NEW YORK (TheStreet) -- Hewlett-Packard (HPQ), the world's second-largest personal computer vendor by revenue, will report second-quarter earnings Thursday after the close. Wall Street is not expecting glowing results, largely due to the general decline of the personal computer industry. But that doesn't mean Hewlett-Packard stock isn't a good buy.
Sure, the PC market is no longer growing. But that's not news. PCs stopped being a booming industry years ago as mobile devices and cloud computing have taken over. What's more important to consider is what HP plans to do about it, and where President and CEO Meg Whitman is taking the company. From that standpoint, it's just as risky avoiding Hewlett-Packard as it would be to buy while the shares are dirt cheap.
Consider this: At around $33 per share and down 17% on the year, HPQ today carries a P/E of 12. Not only is that a nine-point discount to the S&P 500, which trades at a P/E of 21, it's also a discount of 11 points compared to the iShares North American Networking ETF (IGN), which has an average P/E of 23. The IGN is home to leading hardware/enterprise vendors like Cisco Systems (CSCO) (P/E of 17) and F5 Networks (FFIV) (P/E of 27).
Not to mention, the stock has gained just 2% in the last twelve months, against more than 13% gains for the S&P 500 (SPX).
What all of this tells us is that there are low expectations for a quick HP recovery. But why is HPQ stock being discounted so deeply? Obviously there's the weak PC environment, pressuring its revenue and profits. And the fact that earnings estimates for the just-ended quarter are down 10% since the quarter began to 86 cents per share certainly hasn't boosted investors' confidence.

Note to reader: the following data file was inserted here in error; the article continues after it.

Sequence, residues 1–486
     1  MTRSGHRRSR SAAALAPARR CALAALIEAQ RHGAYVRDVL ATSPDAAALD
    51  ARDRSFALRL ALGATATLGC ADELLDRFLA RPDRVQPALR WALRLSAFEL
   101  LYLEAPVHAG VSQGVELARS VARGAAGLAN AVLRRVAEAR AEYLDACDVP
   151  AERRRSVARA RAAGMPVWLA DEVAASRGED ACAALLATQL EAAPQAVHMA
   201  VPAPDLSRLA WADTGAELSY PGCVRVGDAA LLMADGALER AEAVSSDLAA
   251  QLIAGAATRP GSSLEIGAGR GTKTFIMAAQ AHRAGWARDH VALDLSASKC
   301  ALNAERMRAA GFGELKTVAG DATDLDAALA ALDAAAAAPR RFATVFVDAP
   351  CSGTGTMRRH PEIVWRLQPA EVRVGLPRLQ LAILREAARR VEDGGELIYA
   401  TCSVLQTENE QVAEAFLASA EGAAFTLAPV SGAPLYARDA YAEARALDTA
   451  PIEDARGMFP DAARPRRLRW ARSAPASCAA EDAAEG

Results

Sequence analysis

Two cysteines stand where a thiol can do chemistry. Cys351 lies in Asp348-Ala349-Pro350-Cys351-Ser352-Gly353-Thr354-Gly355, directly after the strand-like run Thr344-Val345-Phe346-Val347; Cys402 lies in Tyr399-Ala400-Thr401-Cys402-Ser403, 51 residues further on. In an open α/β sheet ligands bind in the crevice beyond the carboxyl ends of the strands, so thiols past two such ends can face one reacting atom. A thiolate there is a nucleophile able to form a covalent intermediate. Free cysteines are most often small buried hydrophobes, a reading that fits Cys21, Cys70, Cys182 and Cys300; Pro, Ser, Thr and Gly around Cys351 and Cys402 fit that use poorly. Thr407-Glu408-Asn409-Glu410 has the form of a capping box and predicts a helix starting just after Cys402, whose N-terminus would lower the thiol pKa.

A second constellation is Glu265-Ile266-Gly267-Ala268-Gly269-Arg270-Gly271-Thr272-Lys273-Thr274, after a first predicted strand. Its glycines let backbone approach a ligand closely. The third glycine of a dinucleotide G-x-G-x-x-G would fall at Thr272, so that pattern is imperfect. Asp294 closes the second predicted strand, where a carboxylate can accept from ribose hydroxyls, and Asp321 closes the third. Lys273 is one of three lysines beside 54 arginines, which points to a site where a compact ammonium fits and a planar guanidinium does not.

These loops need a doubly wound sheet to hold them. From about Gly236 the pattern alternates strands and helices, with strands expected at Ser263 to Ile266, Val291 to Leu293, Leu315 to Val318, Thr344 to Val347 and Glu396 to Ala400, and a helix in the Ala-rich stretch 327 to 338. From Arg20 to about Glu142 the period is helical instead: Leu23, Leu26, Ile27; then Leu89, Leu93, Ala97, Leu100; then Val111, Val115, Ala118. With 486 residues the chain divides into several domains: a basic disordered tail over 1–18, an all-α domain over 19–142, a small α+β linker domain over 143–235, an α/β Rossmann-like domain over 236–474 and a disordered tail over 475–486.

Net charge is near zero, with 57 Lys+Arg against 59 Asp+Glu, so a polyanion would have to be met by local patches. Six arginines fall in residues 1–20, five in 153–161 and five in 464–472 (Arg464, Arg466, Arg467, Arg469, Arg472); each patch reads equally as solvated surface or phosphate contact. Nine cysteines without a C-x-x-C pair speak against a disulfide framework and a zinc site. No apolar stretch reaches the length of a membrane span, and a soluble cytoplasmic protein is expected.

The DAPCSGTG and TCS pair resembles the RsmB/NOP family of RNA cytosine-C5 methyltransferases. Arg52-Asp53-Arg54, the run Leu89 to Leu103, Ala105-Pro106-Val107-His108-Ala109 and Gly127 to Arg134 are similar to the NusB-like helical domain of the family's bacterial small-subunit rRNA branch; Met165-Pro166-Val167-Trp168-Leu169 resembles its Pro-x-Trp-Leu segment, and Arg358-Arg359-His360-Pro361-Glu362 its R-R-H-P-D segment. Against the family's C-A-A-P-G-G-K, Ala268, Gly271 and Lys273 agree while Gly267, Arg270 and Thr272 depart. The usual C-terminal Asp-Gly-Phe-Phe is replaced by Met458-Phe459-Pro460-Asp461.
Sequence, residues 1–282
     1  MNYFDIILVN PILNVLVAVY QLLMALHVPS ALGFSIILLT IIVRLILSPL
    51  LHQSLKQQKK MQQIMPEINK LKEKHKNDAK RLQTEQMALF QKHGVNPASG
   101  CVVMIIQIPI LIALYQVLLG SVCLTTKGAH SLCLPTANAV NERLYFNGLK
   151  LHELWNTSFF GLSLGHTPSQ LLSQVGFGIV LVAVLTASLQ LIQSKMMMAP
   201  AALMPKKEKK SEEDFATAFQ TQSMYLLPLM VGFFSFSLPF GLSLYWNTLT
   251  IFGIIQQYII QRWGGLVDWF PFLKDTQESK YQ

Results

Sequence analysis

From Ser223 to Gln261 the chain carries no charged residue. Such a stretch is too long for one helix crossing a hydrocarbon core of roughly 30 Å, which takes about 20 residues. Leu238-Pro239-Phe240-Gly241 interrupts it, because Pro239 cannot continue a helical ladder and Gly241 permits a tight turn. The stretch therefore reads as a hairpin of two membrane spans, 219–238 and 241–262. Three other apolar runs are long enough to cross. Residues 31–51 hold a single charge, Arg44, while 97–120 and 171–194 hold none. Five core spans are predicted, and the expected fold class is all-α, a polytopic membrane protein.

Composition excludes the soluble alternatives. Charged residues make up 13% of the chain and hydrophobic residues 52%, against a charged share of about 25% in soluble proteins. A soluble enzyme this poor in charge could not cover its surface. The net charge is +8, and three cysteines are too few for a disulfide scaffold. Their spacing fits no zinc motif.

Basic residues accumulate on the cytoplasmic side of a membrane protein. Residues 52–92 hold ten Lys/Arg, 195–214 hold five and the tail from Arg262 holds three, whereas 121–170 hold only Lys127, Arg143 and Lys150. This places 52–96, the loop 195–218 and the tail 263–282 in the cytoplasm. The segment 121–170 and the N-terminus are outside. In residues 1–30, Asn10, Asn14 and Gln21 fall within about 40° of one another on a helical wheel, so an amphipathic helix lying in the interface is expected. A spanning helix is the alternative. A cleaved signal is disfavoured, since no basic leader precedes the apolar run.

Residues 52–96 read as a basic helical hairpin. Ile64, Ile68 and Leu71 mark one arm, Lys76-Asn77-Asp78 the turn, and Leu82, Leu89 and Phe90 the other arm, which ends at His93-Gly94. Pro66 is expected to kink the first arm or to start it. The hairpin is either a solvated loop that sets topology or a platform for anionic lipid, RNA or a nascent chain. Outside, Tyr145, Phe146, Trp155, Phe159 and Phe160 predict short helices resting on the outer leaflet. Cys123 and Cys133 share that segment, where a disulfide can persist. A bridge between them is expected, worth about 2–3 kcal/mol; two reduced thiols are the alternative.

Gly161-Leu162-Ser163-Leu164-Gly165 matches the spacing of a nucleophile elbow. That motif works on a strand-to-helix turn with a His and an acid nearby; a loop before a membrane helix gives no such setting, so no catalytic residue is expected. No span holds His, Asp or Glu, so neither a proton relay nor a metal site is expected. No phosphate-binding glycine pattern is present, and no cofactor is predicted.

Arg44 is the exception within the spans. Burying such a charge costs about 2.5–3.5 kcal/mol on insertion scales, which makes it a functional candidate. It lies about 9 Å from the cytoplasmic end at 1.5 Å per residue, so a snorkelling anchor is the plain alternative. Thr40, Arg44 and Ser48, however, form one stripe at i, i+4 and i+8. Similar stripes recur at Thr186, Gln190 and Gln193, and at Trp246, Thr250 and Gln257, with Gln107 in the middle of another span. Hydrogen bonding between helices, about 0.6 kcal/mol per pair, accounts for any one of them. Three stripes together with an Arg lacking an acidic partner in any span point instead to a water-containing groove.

But these estimates don't include the value HP can extract by improving its operational focus. And that's likely to happen, given that HP will soon split its businesses into two independent and publicly traded companies. No longer will the struggles of the personal computing and printing operations bleed over into fast-growing areas like the cloud that have better revenue-generating potential.
To that end, it's also possible that investors are discounting the value of HP's recently launched Helion -- its portfolio of cloud products and services. To the extent Helion can compete with Cisco and other cloud vendors, even if it captures only low single-digit percentage market share over the next couple of years, it would still be a success. At that point, the struggles of the PC market may not matter as much to HP's value.
Throw in a key acquisition or two -- and Whitman has hinted she's considering making some -- and growth at HP will become a matter of "when," not "if." In short, HP stock is trading today at a steep discount to its long-term value, regardless of what it reveals in its earnings results Thursday. Add in its 16-cent quarterly dividend, yielding 1.84%, and the risk versus reward ratio tips heavily toward the positive side.